What are Securitized Debt Instruments?
Securitized debt instruments are financial securities that are created by securitizing individual loans (debt). Securitization is a financial process that involves issuing securities that are backed by a number of assets, most commonly debt. The assets are transformed into securities, and the process is called securitization. The owner of the securities receives an income from the underlying assets; hence, the term asset-backed securities.
Securitized debt instruments come with various advantages over conventional forms of investing and are more valuable to a portfolio. One of the most common types of securitized debt is mortgage-backed securities. Securitized debts can lower interest rates and free up capital for the bank, but they can also encourage lending for reasons other than making a profit.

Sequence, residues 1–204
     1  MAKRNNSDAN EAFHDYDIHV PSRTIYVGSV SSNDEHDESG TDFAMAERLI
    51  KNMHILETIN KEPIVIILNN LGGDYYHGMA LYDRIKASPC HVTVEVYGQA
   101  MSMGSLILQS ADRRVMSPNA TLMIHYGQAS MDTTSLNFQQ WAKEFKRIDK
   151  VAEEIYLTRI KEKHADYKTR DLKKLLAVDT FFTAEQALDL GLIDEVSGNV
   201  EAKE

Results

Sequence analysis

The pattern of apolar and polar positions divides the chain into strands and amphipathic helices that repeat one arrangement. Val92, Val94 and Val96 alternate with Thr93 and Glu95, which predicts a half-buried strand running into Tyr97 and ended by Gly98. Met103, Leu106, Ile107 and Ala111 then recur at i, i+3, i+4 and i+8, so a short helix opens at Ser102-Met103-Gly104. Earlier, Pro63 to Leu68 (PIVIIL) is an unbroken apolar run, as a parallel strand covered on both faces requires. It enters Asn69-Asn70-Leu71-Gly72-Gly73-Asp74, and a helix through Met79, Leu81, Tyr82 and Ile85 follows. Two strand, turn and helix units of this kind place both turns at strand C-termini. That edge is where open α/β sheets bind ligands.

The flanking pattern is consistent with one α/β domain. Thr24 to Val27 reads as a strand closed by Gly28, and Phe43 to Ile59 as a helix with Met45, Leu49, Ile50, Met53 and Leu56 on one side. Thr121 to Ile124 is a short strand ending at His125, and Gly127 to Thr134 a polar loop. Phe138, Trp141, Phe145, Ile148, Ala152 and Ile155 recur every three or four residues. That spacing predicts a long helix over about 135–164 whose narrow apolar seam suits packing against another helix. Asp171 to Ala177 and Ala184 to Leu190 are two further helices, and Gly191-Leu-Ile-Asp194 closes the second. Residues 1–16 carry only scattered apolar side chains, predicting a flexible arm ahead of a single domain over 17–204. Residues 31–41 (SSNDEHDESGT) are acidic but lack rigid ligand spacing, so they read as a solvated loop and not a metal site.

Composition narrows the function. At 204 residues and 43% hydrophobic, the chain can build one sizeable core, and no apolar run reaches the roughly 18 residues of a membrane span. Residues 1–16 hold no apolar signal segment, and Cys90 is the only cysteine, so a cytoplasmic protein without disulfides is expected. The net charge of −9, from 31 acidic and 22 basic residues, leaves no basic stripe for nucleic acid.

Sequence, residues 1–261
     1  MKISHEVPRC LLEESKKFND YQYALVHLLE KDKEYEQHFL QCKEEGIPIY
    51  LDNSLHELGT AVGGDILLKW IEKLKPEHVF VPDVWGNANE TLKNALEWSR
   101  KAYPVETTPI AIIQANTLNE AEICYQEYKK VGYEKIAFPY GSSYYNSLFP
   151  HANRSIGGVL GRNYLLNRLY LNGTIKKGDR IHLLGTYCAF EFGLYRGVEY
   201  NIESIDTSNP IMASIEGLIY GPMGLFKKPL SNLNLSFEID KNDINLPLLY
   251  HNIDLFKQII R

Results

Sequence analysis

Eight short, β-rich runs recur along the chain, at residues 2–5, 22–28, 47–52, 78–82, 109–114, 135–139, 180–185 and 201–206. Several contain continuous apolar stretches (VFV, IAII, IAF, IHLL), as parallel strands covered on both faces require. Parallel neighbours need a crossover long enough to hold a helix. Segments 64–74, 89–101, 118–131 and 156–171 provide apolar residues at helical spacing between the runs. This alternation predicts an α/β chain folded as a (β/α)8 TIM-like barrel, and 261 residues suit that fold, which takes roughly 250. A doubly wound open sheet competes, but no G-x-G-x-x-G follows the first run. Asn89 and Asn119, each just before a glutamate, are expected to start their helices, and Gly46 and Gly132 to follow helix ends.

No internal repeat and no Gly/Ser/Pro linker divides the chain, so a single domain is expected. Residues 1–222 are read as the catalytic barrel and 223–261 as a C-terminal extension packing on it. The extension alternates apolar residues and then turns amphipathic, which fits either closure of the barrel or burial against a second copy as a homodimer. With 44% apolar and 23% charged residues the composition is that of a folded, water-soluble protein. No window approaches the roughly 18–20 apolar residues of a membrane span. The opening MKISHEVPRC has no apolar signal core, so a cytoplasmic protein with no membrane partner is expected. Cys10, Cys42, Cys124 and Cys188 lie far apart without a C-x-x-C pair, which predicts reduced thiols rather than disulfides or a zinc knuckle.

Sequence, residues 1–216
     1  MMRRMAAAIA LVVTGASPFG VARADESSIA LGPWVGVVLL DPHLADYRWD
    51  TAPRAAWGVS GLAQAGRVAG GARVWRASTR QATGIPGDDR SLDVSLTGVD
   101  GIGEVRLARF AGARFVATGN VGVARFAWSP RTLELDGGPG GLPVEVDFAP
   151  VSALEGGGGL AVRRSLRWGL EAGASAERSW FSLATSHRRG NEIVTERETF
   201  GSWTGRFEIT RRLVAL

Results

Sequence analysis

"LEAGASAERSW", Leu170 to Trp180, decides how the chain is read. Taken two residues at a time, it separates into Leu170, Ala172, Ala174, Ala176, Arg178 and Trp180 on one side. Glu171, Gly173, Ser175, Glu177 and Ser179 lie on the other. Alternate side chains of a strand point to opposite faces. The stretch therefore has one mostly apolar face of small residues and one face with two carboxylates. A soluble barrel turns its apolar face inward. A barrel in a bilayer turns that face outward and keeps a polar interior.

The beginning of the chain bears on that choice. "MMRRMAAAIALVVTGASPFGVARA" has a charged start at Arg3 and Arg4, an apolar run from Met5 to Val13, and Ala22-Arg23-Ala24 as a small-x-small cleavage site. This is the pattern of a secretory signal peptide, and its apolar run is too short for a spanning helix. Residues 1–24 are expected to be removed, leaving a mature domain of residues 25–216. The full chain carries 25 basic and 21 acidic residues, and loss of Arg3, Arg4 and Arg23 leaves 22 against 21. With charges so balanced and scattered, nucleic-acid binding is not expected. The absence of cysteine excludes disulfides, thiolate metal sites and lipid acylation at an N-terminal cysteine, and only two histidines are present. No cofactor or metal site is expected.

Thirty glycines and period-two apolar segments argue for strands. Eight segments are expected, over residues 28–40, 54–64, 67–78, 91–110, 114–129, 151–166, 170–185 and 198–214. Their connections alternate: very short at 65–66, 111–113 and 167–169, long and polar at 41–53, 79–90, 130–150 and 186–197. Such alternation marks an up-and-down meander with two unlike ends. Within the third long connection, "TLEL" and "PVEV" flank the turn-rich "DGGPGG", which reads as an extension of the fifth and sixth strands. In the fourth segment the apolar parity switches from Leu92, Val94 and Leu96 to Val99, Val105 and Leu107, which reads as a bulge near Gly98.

Pros and Cons of Securitized Debt Instruments
One of the main advantages of securitized debt instruments is that they allow banks to offer bonds at different levels of risk. The bonds can be divided into risk tranches where one class of the bonds receives less money but will not suffer any consequences should the homeowner default on the loan payments.
In addition, a second bond class will receive a higher payment but will face a loss in the case of foreclosure of the home. The different bond class offerings allow investors to choose the level of risk they want to invest in.
One drawback of securitized debts is that they create a complex financial system. When a securitized debt is pooled and sold, it becomes difficult to identify who owes money and to whom they owe it to. It results in economic problems that can affect the entire financial system.